SPECIAL needs children can now get help at highly subsidised rates at a new therapy centre that opened in MacPherson yesterday.
The centre, launched by Thye Hua Kwan (THK) Moral Charities, has also adopted a rotation system to ensure every child gets a chance to make use of services such as speech and occupational therapy.
The centre was opened to meet the increasing demand for therapy for special needs children. It adds to the charity's existing children's therapy centre in Queenstown and caters to families living in the east.
The MacPherson centre, which will be able to serve around 120 cases a year, has already taken on 40 children.
Its facilities include a one-way mirror and audio system that allows parents and therapists to observe children in therapy without distracting them.
To ensure that no child with special needs is deprived of therapy services, the charity is keeping fees below private rates, and subsidises up to 90 per cent of the fees for families in need.
In the top subsidy range of 75 to 90 per cent, a parent pays between $8 and $20 a session, compared with the usual rate of $80.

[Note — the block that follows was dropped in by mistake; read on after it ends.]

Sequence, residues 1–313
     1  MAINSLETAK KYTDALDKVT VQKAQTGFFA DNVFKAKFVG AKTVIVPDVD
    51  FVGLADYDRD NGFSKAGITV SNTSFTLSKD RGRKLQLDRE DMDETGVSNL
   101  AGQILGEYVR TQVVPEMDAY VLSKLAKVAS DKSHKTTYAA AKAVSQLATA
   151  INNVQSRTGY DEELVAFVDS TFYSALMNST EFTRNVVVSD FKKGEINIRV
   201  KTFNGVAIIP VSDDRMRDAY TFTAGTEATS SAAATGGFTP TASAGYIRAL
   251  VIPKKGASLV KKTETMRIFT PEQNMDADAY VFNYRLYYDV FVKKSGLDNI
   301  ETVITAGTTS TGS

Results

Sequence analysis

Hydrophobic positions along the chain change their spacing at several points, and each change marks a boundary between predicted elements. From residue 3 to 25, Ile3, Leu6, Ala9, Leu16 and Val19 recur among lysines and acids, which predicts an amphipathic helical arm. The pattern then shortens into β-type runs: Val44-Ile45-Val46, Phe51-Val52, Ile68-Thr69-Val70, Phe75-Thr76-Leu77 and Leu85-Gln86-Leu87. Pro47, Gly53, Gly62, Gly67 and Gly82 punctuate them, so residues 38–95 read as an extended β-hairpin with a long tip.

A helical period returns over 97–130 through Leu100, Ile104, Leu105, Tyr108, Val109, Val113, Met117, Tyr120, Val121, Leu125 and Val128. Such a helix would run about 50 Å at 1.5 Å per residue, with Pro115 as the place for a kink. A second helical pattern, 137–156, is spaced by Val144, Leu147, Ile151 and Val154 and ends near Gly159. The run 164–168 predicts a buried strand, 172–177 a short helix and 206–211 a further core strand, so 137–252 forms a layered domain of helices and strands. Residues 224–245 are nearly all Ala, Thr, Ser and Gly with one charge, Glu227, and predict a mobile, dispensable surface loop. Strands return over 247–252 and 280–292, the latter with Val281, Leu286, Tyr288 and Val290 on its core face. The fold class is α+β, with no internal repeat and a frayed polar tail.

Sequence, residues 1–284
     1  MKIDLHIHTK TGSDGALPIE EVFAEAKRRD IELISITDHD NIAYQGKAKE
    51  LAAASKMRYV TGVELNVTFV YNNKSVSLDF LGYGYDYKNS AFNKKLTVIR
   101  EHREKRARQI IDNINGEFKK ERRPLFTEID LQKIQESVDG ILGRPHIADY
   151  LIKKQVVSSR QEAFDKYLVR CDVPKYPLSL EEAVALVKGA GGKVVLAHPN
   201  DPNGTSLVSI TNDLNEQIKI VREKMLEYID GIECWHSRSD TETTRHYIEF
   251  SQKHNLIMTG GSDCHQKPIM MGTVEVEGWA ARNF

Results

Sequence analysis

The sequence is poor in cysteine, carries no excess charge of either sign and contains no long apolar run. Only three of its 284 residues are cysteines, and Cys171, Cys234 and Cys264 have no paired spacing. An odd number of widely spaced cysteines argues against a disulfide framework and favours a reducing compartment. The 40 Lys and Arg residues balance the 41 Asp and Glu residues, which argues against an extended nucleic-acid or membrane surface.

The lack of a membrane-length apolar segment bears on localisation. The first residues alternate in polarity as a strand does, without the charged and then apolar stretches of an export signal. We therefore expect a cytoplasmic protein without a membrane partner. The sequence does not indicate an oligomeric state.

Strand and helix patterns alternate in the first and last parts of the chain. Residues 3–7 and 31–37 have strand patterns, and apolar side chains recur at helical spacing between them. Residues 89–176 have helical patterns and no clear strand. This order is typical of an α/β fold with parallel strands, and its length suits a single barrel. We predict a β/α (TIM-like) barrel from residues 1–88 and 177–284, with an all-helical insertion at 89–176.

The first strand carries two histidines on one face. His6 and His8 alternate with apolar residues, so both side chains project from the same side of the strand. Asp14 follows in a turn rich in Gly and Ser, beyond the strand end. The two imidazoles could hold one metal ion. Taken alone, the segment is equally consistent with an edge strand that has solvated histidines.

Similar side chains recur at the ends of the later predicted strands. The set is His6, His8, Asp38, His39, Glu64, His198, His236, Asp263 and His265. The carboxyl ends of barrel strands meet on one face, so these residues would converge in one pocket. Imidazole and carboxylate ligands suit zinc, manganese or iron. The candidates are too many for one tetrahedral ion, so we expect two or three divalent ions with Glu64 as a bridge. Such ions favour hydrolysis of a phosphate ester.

Mr Chew Heng Ching, vice- chairman of THK Moral Charities, said "our mission is to help everyone who needs help".
Besides keeping rates affordable, the centre also rotates patients in blocks of 10 therapy sessions to ensure equal attention.
After the first 10 sessions, the child will be re-evaluated by his or her therapist and supervisor, and then assigned another block of 10 sessions if needed.
But each child is allowed only a maximum of two blocks of sessions before he or she is moved to the end of the queue.
Parents of children who have completed their prescribed therapy sessions will be given a set of goals and activities to be done with their children at home.
A parent whose child goes to the new centre is Mrs Michelle Koo, 34. She had quit her job as a credit analyst at a bank to take care of her son, Wen Rui.
She transferred the four-year- old boy to the MacPherson centre from the one in Queenstown as she felt the rotation system gave him a better chance of making use of the speech and occupational therapy services.
Therapy sessions offered by the charity have been "very useful", she said.
"My son can get quite frustrated when he is unable to communicate, but now he can tell me what he wants with sign language or through images," Mrs Koo added.
Marine Parade GRC MP Tin Pei Ling, the guest of honour at the centre's opening, said having such a service "in the heart of the heartland" brings hope to parents in the area.